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Biol Psychol. 2006 May;72(2):141-6. Epub 2005 Oct 19.

Morningness and eveningness: the free cortisol rise after awakening in "early birds" and "night owls".

Author information

1
Department of Clinical and Theoretical Psychobiology, University of Trier, Johanniterufer 15, D-54290 Trier, Germany. kudielka@uni-trier.de

Abstract

We investigated salivary cortisol profiles in the first hour after awakening in morning versus evening chronotypes. Chronotypes were defined by Horne and Ostberg's Owl-and-Lark-Questionnaire. In a sample of 112 healthy, day-active young men, we identified 9 morning and 29 evening chronotypes. Saliva samples were collected 0, 30, 45, and 60min after awakening on 2 consecutive days. Log-transformed cortisol levels were analyzed with General Linear Model procedures (GLMs) and awakening time and sleep duration were entered as covariates. On both days, a significant main effect of chronotype emerged (both p=0.02), and this effect could not be explained by differences in awakening time or sleep duration. The present data support the idea that morning relative to evening chronotypes might show higher cortisol levels in the first hour after awakening. In sum, individual chronotype should be acknowledged as one further possible source of interindividual variability in the cortisol rise after awakening.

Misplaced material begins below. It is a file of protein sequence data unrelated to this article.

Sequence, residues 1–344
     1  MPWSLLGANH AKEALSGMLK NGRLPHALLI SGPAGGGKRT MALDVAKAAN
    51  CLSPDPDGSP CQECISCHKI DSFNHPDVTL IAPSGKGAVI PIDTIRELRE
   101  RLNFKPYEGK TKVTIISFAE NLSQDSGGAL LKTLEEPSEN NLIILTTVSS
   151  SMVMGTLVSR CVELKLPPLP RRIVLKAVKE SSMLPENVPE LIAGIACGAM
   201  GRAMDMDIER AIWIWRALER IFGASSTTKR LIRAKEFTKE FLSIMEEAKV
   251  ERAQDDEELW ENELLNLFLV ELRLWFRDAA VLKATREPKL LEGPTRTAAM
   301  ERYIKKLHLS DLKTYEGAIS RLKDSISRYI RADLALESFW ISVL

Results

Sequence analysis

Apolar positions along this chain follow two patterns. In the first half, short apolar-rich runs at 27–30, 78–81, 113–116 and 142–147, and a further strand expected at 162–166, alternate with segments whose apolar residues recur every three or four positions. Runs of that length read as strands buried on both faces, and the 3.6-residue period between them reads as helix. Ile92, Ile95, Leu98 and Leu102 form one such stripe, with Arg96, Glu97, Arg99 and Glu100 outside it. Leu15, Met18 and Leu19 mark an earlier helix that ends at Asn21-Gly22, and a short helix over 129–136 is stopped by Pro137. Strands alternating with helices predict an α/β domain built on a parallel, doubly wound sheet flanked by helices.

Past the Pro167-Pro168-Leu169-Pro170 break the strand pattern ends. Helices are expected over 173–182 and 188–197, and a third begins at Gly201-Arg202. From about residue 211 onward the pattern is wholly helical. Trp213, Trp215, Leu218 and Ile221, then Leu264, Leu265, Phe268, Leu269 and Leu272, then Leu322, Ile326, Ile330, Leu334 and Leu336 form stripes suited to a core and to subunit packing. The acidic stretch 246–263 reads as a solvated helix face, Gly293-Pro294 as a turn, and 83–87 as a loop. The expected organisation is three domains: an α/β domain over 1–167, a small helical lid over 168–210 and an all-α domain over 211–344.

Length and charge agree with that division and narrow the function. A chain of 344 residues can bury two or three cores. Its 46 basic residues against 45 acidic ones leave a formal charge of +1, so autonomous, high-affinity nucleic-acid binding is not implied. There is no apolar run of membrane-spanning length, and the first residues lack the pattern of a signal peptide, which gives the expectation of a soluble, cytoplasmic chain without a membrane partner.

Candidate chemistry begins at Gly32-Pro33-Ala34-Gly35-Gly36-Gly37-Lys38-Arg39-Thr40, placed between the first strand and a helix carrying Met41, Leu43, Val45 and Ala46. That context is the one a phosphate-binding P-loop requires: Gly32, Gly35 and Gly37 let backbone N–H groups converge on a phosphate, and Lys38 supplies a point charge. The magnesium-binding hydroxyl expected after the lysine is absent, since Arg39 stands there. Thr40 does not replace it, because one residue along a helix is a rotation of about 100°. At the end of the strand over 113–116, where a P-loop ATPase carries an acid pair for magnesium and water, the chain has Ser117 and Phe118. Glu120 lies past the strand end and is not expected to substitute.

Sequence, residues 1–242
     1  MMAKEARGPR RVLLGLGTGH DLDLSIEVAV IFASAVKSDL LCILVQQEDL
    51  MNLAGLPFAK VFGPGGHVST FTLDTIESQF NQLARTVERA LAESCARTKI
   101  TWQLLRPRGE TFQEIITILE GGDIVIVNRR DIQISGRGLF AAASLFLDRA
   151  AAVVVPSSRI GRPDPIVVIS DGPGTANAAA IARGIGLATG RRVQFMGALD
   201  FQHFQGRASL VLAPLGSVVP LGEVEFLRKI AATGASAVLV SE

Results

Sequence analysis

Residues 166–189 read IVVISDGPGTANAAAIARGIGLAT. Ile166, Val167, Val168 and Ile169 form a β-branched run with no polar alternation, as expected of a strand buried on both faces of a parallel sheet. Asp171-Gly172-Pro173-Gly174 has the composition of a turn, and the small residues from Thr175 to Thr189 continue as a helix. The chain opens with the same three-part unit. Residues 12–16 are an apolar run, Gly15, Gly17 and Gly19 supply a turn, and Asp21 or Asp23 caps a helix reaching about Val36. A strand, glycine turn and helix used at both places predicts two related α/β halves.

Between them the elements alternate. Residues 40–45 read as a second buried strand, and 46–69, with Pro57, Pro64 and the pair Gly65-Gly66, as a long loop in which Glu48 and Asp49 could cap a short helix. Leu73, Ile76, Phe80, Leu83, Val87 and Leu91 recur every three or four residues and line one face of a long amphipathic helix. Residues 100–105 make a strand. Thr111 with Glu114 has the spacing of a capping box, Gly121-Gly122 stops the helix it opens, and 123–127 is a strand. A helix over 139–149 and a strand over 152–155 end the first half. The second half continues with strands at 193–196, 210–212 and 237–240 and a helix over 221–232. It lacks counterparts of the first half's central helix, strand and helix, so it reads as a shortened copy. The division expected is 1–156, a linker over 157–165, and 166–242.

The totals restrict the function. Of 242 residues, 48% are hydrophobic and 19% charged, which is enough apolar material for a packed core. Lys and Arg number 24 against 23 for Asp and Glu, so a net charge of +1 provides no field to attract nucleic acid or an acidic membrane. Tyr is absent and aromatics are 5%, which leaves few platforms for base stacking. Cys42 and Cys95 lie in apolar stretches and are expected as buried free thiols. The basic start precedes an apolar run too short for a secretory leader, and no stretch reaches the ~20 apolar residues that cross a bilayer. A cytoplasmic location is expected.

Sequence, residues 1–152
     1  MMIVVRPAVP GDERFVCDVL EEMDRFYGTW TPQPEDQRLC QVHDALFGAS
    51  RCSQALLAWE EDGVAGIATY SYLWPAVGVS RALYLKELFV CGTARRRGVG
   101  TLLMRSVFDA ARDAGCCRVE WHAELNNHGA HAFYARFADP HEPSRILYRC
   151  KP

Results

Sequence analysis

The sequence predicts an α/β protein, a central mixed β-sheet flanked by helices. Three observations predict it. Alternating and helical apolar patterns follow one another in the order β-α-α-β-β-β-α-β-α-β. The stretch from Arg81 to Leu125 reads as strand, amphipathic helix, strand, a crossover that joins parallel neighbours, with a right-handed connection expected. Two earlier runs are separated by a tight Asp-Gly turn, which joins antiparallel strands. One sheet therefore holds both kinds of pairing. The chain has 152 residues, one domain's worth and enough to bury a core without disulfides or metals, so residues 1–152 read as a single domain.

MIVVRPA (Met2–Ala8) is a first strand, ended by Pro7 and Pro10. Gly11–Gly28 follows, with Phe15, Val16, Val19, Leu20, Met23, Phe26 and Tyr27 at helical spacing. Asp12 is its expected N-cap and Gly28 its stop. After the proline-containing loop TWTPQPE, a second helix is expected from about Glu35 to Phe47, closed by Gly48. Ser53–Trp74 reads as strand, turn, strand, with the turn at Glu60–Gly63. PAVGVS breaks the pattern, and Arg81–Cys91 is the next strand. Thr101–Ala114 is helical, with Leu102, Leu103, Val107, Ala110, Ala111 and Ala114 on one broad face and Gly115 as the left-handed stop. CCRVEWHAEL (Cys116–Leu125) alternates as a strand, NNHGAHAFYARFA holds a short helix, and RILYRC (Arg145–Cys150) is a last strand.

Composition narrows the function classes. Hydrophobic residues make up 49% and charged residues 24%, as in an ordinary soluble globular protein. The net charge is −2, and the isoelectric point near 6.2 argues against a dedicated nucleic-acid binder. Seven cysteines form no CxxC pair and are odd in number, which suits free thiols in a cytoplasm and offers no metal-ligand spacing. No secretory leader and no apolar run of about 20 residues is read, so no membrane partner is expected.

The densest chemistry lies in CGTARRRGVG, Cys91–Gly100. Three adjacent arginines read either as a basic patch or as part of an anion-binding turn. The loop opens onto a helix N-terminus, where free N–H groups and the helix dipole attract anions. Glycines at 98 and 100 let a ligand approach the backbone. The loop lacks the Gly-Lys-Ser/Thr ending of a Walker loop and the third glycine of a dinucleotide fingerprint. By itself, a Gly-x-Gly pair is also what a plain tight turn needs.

PMID:
16236420
DOI:
10.1016/j.biopsycho.2005.08.003
[Indexed for MEDLINE]

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